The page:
t part of the plot of The Body Farm. Still others claim that Lucy's alcoholic tendencies are a result of her lesbianism. Though each review tackles The Body Farm in a different way, whether it be a plot summary or a personal interpretation of character
development, each concludes that this is a well written story. They also seem to agree that Cornwell has not used unnecessary length or detail in writing her novel and each applauds her ability to attract readers.
REVIEWS: Advance Reviews, Booklist July 1994 Bookworld, The Washington Post September 11, 1994 "Cops with Machisma," Time October 3, 1994 "Death and Its Details," New York Times Book Reviews September 11, 1994 "Female Virtues," Times Literary Supplement October 21, 1994 Book Reviews, Library Journal September 1, 1994 Publishers Weekly July 18, 1994 Books September 1994 Entertainment Weekly September 9, 1994 Kirkus Reviews July 1, 1994 Los Angeles Times Book Review September 11, 1994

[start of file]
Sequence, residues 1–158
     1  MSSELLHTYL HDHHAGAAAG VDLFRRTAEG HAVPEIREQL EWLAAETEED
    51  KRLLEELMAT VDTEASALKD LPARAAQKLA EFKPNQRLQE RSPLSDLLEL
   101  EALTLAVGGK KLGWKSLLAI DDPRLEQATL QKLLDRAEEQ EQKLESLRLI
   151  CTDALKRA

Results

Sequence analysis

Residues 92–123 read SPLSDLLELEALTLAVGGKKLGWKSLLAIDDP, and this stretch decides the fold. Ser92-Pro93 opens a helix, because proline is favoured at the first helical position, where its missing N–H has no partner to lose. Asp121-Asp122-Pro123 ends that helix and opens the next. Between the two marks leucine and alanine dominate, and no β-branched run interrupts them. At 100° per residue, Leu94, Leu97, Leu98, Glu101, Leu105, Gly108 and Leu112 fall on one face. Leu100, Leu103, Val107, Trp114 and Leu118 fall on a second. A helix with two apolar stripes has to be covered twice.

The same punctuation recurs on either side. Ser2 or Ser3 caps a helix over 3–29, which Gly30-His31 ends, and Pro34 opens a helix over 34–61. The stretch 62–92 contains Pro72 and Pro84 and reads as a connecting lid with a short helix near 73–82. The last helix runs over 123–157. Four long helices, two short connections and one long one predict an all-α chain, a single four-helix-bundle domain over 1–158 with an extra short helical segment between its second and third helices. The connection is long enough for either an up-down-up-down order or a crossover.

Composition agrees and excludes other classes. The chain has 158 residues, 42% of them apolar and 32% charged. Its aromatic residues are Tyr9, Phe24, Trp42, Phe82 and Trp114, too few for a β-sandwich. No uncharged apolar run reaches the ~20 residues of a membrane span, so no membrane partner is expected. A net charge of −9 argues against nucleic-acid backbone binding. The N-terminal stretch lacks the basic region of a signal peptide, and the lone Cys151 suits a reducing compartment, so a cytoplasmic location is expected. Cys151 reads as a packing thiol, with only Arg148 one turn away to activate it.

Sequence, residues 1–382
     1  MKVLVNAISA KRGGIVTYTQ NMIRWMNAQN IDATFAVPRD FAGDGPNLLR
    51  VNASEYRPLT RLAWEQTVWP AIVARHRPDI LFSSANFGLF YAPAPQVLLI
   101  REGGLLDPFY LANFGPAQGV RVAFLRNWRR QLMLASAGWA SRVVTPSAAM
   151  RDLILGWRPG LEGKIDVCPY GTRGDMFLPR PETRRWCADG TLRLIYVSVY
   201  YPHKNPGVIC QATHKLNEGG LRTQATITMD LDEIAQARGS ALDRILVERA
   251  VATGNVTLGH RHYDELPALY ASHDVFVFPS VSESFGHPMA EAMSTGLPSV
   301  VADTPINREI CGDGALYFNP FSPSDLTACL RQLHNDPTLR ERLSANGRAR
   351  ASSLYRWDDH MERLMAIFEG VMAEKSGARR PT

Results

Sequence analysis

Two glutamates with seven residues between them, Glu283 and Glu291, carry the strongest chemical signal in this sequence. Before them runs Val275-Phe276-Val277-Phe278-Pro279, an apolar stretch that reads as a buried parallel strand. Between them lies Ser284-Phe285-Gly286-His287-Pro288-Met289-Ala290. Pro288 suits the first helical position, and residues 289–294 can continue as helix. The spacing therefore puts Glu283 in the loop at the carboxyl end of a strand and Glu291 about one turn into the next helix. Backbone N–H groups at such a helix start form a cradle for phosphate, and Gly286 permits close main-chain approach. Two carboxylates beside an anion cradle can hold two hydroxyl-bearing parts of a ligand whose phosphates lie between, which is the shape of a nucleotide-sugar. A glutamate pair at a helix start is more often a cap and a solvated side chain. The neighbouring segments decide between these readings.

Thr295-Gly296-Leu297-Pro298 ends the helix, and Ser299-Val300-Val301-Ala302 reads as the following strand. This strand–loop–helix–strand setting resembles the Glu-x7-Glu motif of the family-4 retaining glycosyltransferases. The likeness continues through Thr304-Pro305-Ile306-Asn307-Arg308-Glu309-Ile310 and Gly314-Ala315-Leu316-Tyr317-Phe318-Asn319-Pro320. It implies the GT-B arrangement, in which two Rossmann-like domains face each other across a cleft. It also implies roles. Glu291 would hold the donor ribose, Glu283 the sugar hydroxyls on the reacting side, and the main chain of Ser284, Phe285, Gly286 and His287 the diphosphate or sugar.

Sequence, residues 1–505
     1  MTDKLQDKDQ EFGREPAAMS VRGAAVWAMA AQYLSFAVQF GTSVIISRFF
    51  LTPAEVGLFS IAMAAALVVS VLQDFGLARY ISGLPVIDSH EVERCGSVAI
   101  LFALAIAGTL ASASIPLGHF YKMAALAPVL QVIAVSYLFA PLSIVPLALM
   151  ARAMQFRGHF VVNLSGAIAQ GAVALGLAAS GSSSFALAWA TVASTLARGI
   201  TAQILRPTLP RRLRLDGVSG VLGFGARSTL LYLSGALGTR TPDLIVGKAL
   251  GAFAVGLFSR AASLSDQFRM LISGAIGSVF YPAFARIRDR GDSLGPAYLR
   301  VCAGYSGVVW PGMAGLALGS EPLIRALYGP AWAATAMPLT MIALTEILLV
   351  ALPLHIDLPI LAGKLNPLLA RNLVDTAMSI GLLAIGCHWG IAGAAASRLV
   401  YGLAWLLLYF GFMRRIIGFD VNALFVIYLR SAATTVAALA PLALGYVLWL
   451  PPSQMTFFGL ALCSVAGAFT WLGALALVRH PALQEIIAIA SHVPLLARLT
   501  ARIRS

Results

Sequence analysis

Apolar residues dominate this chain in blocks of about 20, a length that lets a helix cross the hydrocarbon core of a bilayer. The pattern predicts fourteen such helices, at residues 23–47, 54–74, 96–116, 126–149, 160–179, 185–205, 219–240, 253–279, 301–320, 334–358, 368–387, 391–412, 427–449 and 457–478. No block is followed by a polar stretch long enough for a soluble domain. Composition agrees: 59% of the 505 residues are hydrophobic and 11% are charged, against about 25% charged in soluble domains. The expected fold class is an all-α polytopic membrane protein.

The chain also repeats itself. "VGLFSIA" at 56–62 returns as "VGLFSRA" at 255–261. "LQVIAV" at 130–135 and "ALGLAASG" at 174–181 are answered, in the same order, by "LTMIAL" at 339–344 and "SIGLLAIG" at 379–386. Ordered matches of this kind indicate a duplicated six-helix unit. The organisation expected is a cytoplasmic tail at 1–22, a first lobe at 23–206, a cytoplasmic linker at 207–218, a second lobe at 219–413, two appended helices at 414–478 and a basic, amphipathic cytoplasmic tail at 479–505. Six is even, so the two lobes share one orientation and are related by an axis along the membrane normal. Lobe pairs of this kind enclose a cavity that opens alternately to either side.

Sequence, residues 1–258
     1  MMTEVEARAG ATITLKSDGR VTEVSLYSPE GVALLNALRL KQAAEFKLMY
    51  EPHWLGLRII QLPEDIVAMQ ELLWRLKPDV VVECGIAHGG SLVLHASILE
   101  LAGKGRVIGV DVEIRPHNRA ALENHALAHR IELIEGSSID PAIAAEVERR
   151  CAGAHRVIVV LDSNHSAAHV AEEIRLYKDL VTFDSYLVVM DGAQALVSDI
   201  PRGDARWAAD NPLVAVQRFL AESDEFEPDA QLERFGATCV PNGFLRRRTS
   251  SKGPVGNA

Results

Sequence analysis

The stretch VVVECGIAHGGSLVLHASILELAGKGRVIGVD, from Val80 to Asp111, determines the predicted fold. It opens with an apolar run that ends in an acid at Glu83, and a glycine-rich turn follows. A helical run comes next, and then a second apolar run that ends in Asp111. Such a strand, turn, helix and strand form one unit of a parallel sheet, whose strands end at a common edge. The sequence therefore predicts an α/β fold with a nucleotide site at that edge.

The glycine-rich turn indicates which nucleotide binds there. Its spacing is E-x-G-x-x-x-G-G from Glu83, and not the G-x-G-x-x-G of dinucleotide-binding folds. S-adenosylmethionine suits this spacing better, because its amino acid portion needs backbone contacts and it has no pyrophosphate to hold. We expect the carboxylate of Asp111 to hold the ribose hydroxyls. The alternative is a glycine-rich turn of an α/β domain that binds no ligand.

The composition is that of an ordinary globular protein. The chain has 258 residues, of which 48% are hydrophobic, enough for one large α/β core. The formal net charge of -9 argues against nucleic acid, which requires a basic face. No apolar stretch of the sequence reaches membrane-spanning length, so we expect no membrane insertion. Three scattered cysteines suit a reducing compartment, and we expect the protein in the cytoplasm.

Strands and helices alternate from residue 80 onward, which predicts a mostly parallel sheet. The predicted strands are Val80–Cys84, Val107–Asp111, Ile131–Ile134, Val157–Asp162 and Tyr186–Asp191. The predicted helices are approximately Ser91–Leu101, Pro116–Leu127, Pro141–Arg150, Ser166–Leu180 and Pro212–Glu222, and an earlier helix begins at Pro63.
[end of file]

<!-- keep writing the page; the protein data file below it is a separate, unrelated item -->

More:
2 Paste subsequent reception history in here (maximum 500 words)

Assignment 5: Critical Analysis

1 Paste your critical analysis in here (maximum 2500 words)

Patricia Cornwell's novel, The Body Farm, is undoubtedly one of her best and most successful novels. With at least a month on the bestsellers list, The Body Farm remains a favorite among Cornwell's followers. Th
is following is definitely a notable one due to many attributes of her writing. Critics and the public alike praise Cornwell for her use of expertise in her writing field, passion in her writing, and deep and interesting characterizations. These have in